Yet another germane topic to our study of pibroch: deliberate memorization!
Please visit Dr. Noa Kageyama’s site here:
Here is the link to Cortot’s Master Class: a real gem –
One of the most fascinating things about Cortot was how famous he was at simply ignoring notes while playing. He was one of the greatest pianists of his time, but he, along with the other pianists of the era, were far more interested in harmony, in expression, in communication, to let it bother them if they did not play every note perfectly.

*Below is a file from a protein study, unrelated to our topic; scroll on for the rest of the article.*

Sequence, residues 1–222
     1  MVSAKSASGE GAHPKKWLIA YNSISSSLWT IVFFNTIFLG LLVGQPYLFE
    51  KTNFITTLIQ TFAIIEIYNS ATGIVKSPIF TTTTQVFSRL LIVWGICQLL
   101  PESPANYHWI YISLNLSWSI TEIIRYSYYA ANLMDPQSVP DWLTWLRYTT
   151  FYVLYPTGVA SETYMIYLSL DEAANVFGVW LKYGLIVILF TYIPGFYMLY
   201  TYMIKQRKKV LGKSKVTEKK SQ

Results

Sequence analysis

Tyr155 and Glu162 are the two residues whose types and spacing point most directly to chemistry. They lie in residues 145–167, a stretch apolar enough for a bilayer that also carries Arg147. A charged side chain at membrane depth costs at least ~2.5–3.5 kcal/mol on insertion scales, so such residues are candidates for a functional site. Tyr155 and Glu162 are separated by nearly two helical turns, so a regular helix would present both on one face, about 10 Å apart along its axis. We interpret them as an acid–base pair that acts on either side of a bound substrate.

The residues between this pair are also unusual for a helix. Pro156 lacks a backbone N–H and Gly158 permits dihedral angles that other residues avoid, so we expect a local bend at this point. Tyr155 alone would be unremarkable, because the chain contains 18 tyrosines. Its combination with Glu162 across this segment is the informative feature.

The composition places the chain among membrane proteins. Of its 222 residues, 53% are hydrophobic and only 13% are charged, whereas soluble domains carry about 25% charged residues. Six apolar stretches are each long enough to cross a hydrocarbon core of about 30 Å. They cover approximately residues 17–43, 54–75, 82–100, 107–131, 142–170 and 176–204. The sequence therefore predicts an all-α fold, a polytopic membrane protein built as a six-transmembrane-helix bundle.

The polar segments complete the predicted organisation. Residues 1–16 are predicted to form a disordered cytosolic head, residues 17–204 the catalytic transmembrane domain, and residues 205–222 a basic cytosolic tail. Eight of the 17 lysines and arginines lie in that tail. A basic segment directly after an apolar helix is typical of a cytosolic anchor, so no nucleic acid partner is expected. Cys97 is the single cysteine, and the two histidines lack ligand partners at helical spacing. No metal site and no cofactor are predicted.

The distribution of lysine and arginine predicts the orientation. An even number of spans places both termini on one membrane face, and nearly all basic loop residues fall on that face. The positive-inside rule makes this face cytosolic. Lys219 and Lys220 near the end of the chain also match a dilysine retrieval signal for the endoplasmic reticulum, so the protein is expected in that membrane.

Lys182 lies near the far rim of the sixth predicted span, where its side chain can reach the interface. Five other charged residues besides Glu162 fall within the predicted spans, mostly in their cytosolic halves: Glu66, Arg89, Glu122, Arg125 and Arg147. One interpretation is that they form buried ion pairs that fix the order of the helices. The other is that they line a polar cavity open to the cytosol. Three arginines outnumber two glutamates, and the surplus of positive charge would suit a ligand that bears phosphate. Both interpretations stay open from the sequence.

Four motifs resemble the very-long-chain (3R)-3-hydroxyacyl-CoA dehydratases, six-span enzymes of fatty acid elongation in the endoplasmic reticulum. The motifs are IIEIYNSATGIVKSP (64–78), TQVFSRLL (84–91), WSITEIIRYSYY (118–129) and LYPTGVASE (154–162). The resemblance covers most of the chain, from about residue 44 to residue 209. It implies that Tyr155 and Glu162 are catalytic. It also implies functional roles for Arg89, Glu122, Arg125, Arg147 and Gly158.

This is called musicianship, and it is often eclipsed in our effort to play the score “perfectly.”
Yes, yes, yes – you will say: “Both technical perfection AND musicianship can be combined.” Of course they can. My argument is: our art form was a folk art premised on musical genius, improvisation, with a piper performing for the moment. This is the aspect of our art that is generally missing and needs to return.